UW agricultural economist’s efforts on ag productivity receiving awards worldwide

2011-06-21T17:10:00Z UW agricultural economist’s efforts on ag productivity receiving awards worldwideBy UW News Service The Prairie Star
June 21, 2011 5:10 pm  • 

Research by a University of Wyoming economist is garnering national and international attention in the world of agricultural and natural resource economics.

The book "Persistence Pays: U.S. Agri-cultural Productivity and the Benefits from Public R&D Spending" co-written by Matt Andersen, an assistant professor in the Department of Agricultural and Applied Economics, has received the Quality of Research Discovery Award from the Agricultural and Applied Economics Association.

That association is the largest and most prestigious organization in agricultural and natural resource economics.

The book, which examines agricultural productivity and its returns to research, has also received the Quality of Re-search Discovery Award (2010) from the Australian Agricultural and Re-source Economics Society and the Outstanding Published Research Award (2010) from the Western Agricultural Economics Association.

"The role of research, development and extension is fundamental to land-grant universities, and this research provides important insights about the benefits these activities generate.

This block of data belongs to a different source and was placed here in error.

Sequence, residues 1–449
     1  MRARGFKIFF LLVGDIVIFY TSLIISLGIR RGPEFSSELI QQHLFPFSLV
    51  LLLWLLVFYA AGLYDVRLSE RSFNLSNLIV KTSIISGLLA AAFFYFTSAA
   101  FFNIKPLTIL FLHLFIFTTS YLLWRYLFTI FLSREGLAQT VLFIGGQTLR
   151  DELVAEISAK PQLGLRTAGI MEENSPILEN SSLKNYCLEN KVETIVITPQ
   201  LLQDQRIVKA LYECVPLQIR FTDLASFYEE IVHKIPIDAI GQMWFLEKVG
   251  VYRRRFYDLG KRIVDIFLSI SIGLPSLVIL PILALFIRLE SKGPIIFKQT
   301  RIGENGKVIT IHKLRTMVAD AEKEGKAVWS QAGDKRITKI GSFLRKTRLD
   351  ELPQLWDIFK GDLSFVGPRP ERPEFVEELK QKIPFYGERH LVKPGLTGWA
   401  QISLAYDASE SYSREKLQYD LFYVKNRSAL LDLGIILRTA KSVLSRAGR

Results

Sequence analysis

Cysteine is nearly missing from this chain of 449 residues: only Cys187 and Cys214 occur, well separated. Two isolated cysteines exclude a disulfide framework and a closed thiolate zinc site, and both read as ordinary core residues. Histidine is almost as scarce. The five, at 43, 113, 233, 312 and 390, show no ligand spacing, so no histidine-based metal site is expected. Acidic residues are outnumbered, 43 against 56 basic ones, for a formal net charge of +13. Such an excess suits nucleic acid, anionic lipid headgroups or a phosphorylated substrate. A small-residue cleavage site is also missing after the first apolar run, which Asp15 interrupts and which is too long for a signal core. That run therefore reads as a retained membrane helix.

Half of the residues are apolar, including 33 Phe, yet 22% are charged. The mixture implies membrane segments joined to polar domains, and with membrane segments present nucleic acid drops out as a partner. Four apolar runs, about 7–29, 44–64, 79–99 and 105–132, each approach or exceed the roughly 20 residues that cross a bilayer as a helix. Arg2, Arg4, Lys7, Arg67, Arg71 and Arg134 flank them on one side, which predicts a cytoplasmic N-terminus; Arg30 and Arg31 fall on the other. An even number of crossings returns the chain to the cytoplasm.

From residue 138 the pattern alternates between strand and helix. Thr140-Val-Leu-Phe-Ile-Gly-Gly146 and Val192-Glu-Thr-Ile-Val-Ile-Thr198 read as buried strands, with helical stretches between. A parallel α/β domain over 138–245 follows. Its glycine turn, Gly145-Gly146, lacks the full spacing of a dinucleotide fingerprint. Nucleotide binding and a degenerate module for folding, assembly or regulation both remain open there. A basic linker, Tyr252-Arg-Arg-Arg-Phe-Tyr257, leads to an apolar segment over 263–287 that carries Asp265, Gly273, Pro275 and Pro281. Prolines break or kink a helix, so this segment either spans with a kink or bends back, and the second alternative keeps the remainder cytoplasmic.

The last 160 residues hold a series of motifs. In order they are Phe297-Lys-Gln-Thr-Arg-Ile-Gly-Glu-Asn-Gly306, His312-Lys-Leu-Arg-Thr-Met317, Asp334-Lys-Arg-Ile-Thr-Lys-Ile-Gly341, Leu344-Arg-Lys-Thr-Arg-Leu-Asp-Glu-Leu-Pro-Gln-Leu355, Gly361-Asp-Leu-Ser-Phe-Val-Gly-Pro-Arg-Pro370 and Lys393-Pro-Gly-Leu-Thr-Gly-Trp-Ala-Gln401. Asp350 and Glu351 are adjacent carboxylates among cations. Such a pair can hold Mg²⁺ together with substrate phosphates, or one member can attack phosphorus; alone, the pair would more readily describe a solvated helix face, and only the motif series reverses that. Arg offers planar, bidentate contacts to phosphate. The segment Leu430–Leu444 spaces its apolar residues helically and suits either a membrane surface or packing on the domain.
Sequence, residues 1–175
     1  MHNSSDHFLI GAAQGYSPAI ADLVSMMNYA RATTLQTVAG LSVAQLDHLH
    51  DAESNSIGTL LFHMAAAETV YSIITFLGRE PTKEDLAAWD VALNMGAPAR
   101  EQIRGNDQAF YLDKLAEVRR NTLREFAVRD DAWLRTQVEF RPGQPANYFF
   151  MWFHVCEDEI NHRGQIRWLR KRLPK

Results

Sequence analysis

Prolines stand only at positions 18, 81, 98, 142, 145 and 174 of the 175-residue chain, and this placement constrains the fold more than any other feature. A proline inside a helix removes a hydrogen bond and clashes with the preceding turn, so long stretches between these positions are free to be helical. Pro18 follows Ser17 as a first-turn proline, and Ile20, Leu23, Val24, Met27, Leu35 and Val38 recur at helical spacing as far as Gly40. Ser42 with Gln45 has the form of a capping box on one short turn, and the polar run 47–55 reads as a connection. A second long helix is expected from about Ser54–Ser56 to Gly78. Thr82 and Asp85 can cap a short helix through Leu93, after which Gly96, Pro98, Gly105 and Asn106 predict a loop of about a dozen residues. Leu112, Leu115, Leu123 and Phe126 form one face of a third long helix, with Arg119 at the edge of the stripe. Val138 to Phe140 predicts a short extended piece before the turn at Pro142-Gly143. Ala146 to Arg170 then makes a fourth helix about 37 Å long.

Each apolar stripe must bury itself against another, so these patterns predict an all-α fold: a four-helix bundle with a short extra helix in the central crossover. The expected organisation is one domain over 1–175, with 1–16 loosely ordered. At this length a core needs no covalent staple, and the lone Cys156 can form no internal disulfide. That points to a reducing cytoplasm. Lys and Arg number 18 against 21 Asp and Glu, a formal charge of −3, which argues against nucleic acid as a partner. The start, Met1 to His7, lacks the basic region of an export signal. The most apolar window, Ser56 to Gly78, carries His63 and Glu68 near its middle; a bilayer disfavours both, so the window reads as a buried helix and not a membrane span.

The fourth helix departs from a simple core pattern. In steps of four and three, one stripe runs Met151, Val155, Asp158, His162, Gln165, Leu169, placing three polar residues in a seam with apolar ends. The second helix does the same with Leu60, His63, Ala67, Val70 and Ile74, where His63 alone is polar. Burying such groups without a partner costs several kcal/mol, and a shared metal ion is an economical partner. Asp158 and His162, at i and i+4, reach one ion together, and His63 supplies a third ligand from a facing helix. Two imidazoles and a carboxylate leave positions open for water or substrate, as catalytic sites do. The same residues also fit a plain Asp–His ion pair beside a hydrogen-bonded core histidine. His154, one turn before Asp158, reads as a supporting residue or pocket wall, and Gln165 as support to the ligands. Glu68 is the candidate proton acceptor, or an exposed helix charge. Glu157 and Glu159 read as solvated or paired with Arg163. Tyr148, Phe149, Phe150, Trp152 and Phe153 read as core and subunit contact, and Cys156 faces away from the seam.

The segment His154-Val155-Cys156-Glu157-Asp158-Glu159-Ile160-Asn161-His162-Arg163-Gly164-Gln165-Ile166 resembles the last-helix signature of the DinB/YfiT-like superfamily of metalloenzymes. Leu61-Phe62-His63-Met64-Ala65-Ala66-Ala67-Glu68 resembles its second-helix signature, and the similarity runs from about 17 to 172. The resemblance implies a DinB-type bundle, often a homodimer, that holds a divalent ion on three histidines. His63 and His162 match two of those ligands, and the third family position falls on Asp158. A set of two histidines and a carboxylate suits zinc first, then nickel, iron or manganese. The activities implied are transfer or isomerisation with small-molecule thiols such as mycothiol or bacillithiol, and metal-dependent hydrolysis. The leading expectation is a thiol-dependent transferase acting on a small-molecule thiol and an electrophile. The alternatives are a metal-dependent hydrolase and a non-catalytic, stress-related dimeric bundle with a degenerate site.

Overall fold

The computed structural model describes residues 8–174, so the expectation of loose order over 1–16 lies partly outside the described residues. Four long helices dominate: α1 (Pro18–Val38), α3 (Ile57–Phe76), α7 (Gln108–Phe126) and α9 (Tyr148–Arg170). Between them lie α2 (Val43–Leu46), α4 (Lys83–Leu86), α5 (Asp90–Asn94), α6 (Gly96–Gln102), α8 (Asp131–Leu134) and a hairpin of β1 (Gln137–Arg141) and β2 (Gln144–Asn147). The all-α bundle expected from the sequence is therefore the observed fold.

This group has made a real contribution to informing this vital public policy issue," said Roger Coupal, associate professor and head of the Department of Agricultural and Applied Economics in the College of Agriculture and Natural Resources. The book examines the path of U.S. agriculture in the 20th century and the role of public research and development. The authors found new evidence linking state-specific agricultural productivity measures to federal and state government investments in agricultural research and extension.

They show that the time lag between research and development and the impact on productivity is longer than commonly found or assumed in prior research. The authors also note that the spillover effects of research and development among states are important; the national net benefits from a state's agricultural research investments are much greater than own-state net benefits. 

Copyright 2014 The Prairie Star. All rights reserved. This material may not be published, broadcast, rewritten or redistributed.

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